This one is right up there with “two weeks’ notice” and “three strikes you’re out.” Some employers are baffled to learn that they do not have an absolute right to terminate an employee within the first three months of employment. One employer on Prince Edward Island found this out the hard way.
In Pound v iWave Information Systems, the employee, GP, was hired as a marketing and communications manager. This was a full-time permanent position where part of GP’s contract indicated that he was subject to a three-month probation period. The company also had policies in part providing: "(on) a termination of employment … the employee will be given a letter detailing the reason for termination." It also formally set out a process for coaching and improving performance, progressing from a verbal warning to a written warning, and then a final written warning, following which the "consequences of unacceptable improvement will be termination without notice or payment in lieu of notice."
When the employer decided to terminate GP after only two months on the job, and one month before the expiry of his contractual probation period, it assumed that it was free to do so without restriction. Although the employer did not give a letter detailing the reason for termination, and did not apply its own policies regarding warnings and performance improvement, it justified its actions partially by telling GP that the company does "not take these types of decisions lightly" but that "when it finally became apparent that it would not work out, we felt it was time to part ways and go in another direction. That's what probationary periods are for….” The trial court agreed with the company, but the P.E.I. Court of Appeal did not.
The Court of Appeal found that the employer’s policies also formed a part of the employment contract, and accordingly GP was entitled to the promised warnings and a full explanation on termination, even before the expiry of his probation period. The employer therefore wrongfully dismissed GP because it failed to provide the entitlements provided in the employment contract. And accordingly, the Court of Appeal ordered the employer to provide GP with three months’ pay in lieu of reasonable notice of termination at common law.
Yes, three months’ pay. For a two-month employee.
Hopefully this case will serve as an important reminder for all employers about how probation periods really work:
• Your applicable legislation may only entitle an employee to notice of termination after accruing a certain amount of service (three months in the case of Ontario’s Employment Standards Act, 2000), but the strict terms of the legislation will only apply if there is a valid contract limiting the employee to those entitlements. Otherwise, the common law will apply.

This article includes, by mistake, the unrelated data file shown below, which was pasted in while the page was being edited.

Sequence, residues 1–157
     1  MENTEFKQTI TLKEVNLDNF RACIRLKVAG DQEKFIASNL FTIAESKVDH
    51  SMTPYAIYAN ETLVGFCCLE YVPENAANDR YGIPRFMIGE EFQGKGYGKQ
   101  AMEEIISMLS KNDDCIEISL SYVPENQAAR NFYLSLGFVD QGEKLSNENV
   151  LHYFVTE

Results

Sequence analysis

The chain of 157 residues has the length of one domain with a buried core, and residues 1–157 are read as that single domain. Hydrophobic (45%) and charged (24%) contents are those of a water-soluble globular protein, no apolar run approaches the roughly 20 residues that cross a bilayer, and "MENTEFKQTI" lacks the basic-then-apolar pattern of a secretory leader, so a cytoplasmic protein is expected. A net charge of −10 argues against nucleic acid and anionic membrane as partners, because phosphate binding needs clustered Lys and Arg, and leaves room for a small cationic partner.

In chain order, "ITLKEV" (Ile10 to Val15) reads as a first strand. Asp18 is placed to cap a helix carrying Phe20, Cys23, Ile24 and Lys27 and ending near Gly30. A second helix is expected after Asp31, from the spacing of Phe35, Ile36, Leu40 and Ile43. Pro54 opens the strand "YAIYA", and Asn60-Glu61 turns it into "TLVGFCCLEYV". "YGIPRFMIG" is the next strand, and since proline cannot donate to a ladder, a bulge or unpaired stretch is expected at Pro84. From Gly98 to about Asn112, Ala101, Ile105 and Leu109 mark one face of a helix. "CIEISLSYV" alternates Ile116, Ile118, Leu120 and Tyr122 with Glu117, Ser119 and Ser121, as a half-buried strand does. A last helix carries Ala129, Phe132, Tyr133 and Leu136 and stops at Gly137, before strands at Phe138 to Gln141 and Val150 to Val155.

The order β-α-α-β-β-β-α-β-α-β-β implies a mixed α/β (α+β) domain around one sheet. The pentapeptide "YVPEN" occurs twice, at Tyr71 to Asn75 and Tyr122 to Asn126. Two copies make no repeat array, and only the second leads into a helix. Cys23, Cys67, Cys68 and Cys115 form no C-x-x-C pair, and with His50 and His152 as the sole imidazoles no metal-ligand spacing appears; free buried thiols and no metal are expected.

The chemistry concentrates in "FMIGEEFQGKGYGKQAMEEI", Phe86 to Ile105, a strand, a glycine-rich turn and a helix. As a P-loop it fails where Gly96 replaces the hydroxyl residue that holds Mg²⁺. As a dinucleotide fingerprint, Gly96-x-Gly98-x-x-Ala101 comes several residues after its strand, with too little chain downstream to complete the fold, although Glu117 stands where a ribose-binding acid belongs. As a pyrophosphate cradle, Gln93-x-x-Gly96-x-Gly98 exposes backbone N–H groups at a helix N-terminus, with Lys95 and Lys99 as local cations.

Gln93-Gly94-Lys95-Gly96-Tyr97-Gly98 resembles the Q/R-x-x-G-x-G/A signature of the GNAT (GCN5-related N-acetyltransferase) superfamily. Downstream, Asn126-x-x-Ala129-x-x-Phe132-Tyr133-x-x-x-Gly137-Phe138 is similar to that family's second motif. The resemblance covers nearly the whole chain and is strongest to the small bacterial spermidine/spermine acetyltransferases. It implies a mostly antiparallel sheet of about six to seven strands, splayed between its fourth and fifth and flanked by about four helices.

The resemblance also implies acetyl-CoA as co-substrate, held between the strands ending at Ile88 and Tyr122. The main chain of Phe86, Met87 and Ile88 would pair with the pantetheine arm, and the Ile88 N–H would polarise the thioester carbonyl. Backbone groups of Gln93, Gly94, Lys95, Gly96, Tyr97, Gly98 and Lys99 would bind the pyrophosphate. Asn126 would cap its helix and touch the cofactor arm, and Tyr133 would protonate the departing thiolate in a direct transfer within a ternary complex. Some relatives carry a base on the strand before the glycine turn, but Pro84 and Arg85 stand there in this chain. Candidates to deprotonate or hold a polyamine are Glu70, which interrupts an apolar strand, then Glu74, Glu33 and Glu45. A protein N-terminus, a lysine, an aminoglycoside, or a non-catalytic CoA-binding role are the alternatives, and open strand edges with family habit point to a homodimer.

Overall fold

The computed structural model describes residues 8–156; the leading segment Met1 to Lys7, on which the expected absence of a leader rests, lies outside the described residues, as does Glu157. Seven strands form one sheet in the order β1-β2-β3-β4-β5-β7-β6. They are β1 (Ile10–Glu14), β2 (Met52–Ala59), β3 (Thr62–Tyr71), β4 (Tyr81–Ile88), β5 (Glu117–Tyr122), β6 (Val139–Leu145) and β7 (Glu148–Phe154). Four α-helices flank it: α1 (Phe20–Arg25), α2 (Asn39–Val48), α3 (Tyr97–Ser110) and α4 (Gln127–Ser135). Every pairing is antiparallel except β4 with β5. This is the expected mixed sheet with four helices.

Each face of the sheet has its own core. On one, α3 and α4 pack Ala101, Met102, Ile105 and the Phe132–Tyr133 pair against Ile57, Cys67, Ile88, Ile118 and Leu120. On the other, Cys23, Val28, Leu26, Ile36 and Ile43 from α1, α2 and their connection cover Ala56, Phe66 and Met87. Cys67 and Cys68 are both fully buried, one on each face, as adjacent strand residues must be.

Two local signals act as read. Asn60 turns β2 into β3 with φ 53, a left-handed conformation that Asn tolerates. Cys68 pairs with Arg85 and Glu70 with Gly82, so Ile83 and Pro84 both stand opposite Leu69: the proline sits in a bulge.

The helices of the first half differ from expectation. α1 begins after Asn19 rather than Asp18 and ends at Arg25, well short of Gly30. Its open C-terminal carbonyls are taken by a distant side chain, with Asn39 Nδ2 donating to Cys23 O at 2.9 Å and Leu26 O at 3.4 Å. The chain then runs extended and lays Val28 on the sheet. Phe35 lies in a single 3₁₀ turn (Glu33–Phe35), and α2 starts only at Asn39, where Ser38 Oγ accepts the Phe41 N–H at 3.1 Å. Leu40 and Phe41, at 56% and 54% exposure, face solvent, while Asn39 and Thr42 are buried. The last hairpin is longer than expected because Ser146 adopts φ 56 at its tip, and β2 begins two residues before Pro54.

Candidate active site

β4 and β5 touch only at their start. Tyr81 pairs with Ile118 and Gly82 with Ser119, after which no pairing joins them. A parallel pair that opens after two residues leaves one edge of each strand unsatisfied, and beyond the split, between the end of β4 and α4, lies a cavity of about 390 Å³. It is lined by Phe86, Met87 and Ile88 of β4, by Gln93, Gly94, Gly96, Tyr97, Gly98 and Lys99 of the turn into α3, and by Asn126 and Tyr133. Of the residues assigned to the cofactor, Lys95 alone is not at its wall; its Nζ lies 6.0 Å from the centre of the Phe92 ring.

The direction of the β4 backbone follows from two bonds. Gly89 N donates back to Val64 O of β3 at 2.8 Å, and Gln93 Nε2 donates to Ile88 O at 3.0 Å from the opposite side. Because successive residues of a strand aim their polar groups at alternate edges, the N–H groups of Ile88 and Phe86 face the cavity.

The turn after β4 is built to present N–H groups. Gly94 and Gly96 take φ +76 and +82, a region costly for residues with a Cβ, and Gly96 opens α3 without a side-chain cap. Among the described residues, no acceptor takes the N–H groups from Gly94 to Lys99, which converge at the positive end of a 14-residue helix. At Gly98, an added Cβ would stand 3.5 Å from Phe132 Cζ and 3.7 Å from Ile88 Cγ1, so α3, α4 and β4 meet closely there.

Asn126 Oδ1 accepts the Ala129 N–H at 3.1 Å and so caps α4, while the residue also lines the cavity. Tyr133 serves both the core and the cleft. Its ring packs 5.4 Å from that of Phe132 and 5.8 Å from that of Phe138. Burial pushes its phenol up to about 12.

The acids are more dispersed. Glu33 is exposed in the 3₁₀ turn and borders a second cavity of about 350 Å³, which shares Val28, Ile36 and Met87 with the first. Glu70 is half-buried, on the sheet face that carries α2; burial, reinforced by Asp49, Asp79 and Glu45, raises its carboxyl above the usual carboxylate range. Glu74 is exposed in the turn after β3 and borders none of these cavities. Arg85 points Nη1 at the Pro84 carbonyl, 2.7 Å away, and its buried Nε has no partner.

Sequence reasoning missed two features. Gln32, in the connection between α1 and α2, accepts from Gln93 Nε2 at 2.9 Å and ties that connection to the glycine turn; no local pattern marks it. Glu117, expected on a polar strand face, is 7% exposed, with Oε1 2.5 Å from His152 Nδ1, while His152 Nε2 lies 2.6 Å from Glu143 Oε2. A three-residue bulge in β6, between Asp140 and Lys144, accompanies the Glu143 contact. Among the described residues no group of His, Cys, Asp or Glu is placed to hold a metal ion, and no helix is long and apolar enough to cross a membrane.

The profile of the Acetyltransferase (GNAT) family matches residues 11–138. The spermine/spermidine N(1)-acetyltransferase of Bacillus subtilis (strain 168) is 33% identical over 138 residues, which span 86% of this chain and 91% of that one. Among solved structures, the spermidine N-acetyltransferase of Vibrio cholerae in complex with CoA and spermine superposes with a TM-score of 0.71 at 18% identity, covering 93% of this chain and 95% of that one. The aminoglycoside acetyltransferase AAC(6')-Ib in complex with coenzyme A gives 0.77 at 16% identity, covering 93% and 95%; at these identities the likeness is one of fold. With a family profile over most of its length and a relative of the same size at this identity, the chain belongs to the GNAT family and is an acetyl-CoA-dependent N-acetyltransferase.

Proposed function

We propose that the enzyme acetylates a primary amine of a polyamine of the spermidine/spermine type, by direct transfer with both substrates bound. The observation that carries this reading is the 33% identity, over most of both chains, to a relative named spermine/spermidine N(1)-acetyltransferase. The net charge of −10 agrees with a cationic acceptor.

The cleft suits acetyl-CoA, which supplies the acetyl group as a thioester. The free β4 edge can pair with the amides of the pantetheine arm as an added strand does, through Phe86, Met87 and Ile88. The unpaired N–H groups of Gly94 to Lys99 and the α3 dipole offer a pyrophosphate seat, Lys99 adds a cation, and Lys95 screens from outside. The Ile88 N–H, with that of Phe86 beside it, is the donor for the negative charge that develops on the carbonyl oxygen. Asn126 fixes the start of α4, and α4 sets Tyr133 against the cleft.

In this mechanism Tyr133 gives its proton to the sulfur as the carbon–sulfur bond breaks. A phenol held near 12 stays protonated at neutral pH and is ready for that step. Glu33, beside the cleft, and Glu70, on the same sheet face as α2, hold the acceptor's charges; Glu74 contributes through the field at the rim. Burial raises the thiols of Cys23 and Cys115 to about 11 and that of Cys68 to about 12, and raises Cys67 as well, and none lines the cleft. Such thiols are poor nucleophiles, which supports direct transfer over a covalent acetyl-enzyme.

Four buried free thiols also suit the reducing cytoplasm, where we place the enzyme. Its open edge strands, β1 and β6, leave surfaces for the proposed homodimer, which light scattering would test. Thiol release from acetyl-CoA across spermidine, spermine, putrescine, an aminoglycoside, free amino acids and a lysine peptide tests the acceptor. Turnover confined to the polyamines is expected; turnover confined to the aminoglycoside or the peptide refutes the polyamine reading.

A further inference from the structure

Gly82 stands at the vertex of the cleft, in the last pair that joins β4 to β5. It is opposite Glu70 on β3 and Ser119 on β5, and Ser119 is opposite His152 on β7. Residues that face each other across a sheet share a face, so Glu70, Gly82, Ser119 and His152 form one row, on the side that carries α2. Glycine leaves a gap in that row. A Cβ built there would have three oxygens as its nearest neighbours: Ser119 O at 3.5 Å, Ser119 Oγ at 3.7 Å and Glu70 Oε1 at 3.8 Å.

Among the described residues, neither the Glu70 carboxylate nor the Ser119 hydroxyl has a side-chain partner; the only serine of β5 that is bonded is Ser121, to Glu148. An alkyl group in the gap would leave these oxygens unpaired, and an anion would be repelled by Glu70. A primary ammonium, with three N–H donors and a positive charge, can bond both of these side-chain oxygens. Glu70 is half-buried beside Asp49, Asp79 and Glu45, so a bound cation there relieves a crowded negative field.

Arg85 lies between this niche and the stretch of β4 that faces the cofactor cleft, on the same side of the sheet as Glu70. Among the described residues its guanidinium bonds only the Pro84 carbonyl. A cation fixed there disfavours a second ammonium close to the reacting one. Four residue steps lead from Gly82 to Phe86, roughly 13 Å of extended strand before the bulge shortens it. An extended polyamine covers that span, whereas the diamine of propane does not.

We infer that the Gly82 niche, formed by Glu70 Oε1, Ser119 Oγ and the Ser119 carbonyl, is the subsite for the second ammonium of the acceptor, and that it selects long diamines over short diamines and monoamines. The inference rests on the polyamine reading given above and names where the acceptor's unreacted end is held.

• A valid employment contract with a probation period lowers the threshold for just cause terminations (without notice) to a basis that the employee is not suitable for continued employment. However, several criteria must still be met before you can terminate a probationary employee without notice:
The employee must be advised of their shortcomings
The employee must be directed and coached on how to improve their performance
The employee must be given an adequate opportunity to improve their performance
The employee must be advised that failure to meet expectations will result in their termination during the probation period
- As always, an employer’s discretion to terminate during a probation period must be exercised in good faith.
It is also important to note the reasonable notice period assessed by the P.E.I. Court of Appeal in this case. Three months’ notice for a two-month employee may seem excessive, but the reality is that in cases of very short employment terms where there is no just cause for termination, courts are typically more favourable to employees.
Hopefully this case illustrates how important it is to understand your rights and obligations as an employer with respect to probation periods for employees, and dispels the myth that all employees can be terminated within the first three months of service. An employer must have the right policies and contractual terms in place, and follow proper procedure in order to avail itself of the right to terminate before the expiry of a probation period.
For more information see:
• Pound v iWave Information Systems, 2017 PECA 17 CarswellPEI 55 (P.E.I. C.A.).
Michael MacLellan is an associate practicing labour and employment law with CCPartners in Brampton, Ont. He can be reached at (905) 874-9343 ext. 251 or email@example.com.